New NSW ALP leader Luke Foley: 'I'm not a privatisation ideologue'


Originally published: The Sydney Morning Herald, 6 January 2015.

By Sean Nicholls

Luke Foley has moved to reset NSW Labor before the March election, placing his personal stamp on the leadership by declaring he is "not an ideologue" on asset privatisation and that he will "relish the battle of ideas" with Premier Mike Baird.

The surprise position on privatisation is in contrast to that of Mr Foley's predecessor, John Robertson, who opposed the sale of state-owned assets such as ports by the Baird government.

Mr Foley said he could "endorse" the sale of Port Botany, Port Kembla and the Port of Newcastle, which have delivered billions of dollars to NSW government coffers.

"I support an enterprising private sector and an effective public sector working side by side in the interests of this state," he said. "What matters to me is what works".

Mr Foley said he would "approach every issue on its merits".

However, at his first news conference as opposition leader Mr Foley made it clear he and Labor remain opposed to Mr Baird's proposal to sell 49 per cent of the electricity "poles and wires", for which he is seeking an election mandate.

Mr Baird is promising to spend an anticipated $20 billion in proceeds on infrastructure projects, including new roads and rail lines.

Announcing he would assume the infrastructure portfolio in a forthcoming reshuffle of his frontbench, Mr Foley said he would present an alternative plan while keeping the electricity network – as well as water assets – in public hands.

"Labor will release our fully funded and responsible infrastructure policy early in the election campaign with key priorities for planning for new schools and hospitals, to cater for population growth and the demands of the future and relieving congestion by creating more jobs through our suburbs and regions," Mr Foley said.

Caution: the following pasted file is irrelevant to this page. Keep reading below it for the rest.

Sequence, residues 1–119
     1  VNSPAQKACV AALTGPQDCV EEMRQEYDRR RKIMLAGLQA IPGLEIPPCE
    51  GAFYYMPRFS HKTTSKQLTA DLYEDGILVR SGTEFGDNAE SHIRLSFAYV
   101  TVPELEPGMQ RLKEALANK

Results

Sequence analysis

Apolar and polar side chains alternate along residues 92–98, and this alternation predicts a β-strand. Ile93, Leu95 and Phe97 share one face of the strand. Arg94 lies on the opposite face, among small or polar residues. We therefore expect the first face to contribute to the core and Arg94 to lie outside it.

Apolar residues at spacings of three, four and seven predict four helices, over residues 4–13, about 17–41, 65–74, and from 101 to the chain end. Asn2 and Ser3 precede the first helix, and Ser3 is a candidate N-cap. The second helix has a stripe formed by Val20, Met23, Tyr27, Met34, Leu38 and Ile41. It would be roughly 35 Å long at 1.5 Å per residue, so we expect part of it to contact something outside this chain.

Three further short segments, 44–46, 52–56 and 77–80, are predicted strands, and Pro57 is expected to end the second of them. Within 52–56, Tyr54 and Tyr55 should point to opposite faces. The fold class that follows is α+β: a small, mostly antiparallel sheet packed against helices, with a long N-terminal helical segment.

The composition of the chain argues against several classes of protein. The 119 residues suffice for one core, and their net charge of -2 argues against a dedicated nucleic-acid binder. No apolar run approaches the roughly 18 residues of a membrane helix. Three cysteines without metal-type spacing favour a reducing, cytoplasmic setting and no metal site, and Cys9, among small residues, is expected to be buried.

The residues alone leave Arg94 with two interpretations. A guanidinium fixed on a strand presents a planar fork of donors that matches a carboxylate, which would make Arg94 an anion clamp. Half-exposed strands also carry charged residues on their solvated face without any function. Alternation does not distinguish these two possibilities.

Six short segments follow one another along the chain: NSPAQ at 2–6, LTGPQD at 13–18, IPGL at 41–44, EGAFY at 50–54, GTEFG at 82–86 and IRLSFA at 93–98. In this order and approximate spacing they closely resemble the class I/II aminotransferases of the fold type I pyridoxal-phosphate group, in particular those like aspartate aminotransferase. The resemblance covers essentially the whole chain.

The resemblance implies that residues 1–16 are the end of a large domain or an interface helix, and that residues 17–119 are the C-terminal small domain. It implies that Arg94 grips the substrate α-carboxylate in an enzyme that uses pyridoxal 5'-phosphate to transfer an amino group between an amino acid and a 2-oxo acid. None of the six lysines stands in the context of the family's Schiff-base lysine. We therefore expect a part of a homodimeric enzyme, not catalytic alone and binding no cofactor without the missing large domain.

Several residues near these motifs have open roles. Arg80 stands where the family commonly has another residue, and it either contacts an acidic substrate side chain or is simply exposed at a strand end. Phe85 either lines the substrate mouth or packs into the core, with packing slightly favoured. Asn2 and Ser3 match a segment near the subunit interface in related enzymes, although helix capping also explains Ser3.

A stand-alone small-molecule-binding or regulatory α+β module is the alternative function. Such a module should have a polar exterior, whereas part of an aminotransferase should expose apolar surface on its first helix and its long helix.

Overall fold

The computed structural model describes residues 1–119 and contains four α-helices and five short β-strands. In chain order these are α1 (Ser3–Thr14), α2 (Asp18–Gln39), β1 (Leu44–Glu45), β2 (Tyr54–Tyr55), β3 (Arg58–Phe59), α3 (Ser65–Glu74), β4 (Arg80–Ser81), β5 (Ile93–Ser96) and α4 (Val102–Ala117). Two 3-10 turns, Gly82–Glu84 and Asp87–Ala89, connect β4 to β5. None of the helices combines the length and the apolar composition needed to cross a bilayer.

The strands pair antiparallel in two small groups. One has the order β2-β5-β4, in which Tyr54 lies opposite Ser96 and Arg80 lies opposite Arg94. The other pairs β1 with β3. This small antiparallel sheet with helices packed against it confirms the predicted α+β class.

Mr Foley was elected unopposed during a caucus meeting on Monday morning after Mr Robertson resigned on December 23 over revelations he signed a letter of request for Lindt cafe siege gunman Man Haron Monis in 2011 as his local MP.

Shortly afterwards the ALP national executive announced it had cancelled the preselection in the seat of Auburn – which has been beset by claims of branch stacking – and set a new contest for January 17.

Mr Foley is expected to be the only candidate. It paves the way for him to move from the upper house to the lower house by winning Auburn at the March 28 election.

Mr Foley said he would bring to the leadership "ideas, energy and above all my Labor values".

"Those values are timeless: a fair go for all, a decent life for everyone and a helping hand to those who need it most," he said.

He flagged his priorities as job creation throughout Sydney and regional NSW, investment in schools and hospitals and environmental protection.

"I don't want people in our suburbs and regions to have no choice but to travel the central business district of Sydney for a rewarding job," he said.

"I want the residents of the south and the west of Sydney to have the same opportunities in life that are available to the residents of the city's north and east."

Opinion polls predict Labor will resoundingly lose the March election, and Mr Foley faces a stiff challenge to raise his public profile less than three months out from polling day. But he insisted a Labor loss was not inevitable.

"Watch this space, come along for the ride. I'm in this to win it. I'm a big sports fan and I've seen some upsets in my time," he said.

Mr Foley also signalled a potential shift in his view on the issue of same-sex marriage, which he has previously voted against.

He said he now had "an open mind" on the issue and would "continue to reflect on the issue".

Treasurer Andrew Constance dismissed Mr Foley – a former secretary of the Australian Services Union – as "another union boss installed as head of the ALP by the faceless men".

"Today, Mr Foley has failed first and foremost his only test: that was to back in the $20 billion infrastructure plan to unleash the potential of this state," Mr Constance said.

Originally published as: New NSW ALP leader Luke Foley: 'I'm not a privatisation ideologue'